Minn. Recount: Franken, Coleman Vs. 'Lizard People' A Minnesota panel meets to review thousands of challenged ballots that may help decide the outcome of Democrat Al Franken's bid to unseat Republican Sen. Norm Coleman. Many of the ballots have unusual markings — and some were cast for "Lizard People."
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Minn. Recount: Franken, Coleman Vs. 'Lizard People'

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Minn. Recount: Franken, Coleman Vs. 'Lizard People'

Minn. Recount: Franken, Coleman Vs. 'Lizard People'

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Minnesota still hasn't declared a winner in its Senate race. The precinct-by-precinct recount of votes for Democrat Al Franken and Republican Norm Coleman has ended. But today the state Canvassing Board begins looking at thousands of ballots that were challenged by each side. Just about every day, lawyers have been on the case.


MARC ELIAS: Thank you everyone for coming today. Good afternoon. Let me begin... ..TEXT: MONTAGNE: At press conferences, lawyers like Marc Elias of the Franken campaign have given updates on the vote spread, although spread may be too generous a word.

ELIAS: So the correct margin, as it stands, is at four votes with Al Franken the winner thus far. We now move to the next stage of the process.

MONTAGNE: That was a few weeks back, during the recount. And you heard him right, a four vote margin for Franken. Now with all precincts recounted, it's Coleman with the lead of fewer than 200 votes. Watching all of this unfold is journalist Jay Weiner who covers the recount for the Web site MinnPost.com. He took a break from his usual beat, sports, to report on the rough and tumble of politics.

JAY WEINER: The campaign hasn't ended. We've got these briefings. They've been raising money because they've got armies of volunteers around the state, or at least they did through last week, making sure that election officials are counting properly. And to use the, you know, the sports metaphor, they're working the refs. The state Canvassing Board, made up of two Supreme Court judges of Minnesota, two district court judges, and the secretary of state, they're the ones who are going to decide on challenge ballots, which is coming up today. And then we'll have a count.

MONTAGNE: Tell us why a ballot might be challenged.

WEINER: Some people do strange things. They don't fill it all the way in. They scribble it in. Some people scribble over it. Some people fill it in, go, oops, I wanted to vote for Coleman, not Franken. They cross off the Franken one. And so the answer is there's many ways that ballots are messed up. That's what this Canvassing Board is going to have to decide. And they're going to have to, in some ways, read voters' minds and say it was his or her intent to vote for Coleman or for Franken.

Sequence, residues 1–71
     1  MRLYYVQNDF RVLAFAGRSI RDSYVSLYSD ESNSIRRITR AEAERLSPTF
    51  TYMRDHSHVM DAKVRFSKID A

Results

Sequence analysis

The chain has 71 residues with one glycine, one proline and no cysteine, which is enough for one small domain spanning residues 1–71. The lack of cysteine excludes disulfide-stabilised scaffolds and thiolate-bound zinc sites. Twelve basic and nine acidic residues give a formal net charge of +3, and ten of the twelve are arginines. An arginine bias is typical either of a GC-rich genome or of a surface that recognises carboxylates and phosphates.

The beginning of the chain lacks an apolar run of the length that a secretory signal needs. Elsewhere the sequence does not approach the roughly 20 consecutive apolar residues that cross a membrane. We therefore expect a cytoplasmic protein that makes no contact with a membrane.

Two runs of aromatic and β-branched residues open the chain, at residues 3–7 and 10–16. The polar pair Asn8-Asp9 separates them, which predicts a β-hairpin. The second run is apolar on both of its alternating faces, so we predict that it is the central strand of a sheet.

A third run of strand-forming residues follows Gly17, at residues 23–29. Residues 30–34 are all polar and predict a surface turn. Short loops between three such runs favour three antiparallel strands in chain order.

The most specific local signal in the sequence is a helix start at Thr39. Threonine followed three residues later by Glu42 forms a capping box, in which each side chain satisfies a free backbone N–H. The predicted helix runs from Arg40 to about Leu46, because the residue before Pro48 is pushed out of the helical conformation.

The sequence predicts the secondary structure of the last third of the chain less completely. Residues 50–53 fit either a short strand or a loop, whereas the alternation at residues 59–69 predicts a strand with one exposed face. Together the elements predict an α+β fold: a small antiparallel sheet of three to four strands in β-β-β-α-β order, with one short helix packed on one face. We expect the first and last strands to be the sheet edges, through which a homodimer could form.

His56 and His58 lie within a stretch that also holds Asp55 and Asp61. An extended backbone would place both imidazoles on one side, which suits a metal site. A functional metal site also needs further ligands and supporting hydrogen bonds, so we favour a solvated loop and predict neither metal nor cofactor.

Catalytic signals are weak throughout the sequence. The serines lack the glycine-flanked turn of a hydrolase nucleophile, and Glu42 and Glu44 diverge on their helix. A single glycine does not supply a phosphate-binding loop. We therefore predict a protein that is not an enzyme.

MONTAGNE: Now, if it takes a week for the board to go through the ballots, it still won't necessarily be over, right? There are other issues...

WEINER: Correct. We should be finished with it this week, the actual challenge count. And then whoever doesn't win will definitely go to court. And then there's a bunch of absentee ballots that were rejected for wrong reasons, and they haven't been counted yet. So we're probably looking into the plus-Christmas period in the courts. And then we have the January 6 deadline, really, of when a new senator is sworn in. So I'm going to guess it's going to run up all the way till then, because the legal teams still have some billable hours left on them.

MONTAGNE: Is it possible it could go beyond that?

WEINER: I think the answer is it's possible. If the margin is, you know, 42 votes, there will absolutely be crazy challenges because people will say a vote wasn't counted or certain votes should not have been counted. If we're in that 300 margin, you know, I think it's going to be hard for people to logically continue to challenge it. I'm just thinking about the politics of it. But there seems to be a desire on the part of both campaigns to keep on keeping on. So, yes, and the U.S. Senate, of course, there is a constitutional amendment in the U.S. Constitution. The Senate has the right to seat the person who they want to seat. It could come to that.

MONTAGNE: So the mood there is what in the Twin Cities?

WEINER: Well, first it's cold. It's minus eight. You can't recount minus eight. It is minus eight. Secondly, I would say there's a little bit of embarrassment that we're a clean state, have been known as a clean state. We had the highest turnout in the country this year, again. I think it was 78 percent. And then there's also this eye-opening mood that elections are imperfect. I don't think anybody realized how imperfect they could be, but when you get to a margin of one one-thousandth of a percentage point - and that's what the margin was between Coleman and Franken - that has kind of been a sobering thing.

And then, you know, the other point, which I think affects the mood here, is that neither one of these guys really won. I mean, both got 42 percent of the vote. It was a none-of-the-above kind of vote here. And so there is a core group of supporters, but there aren't people at the ramparts, you know, saying go, Al, go, Norm. So in general I think the mood is, when is it gonna be over? Let's get somebody in there. And maybe, will it ever end?

MONTAGNE: Jay Weiner is a longtime sports writer, now covering the recount in the Minnesota Senate race for the news Web site MinnPost.com. Thanks very much for filling us in.

WEINER: You're welcome.

MONTAGNE: Our colleagues at Minnesota Public Radio have made an interactive quiz based on actual ballots in the Franken-Coleman race. You can see contested ballots and decide on them for yourself at npr.org.

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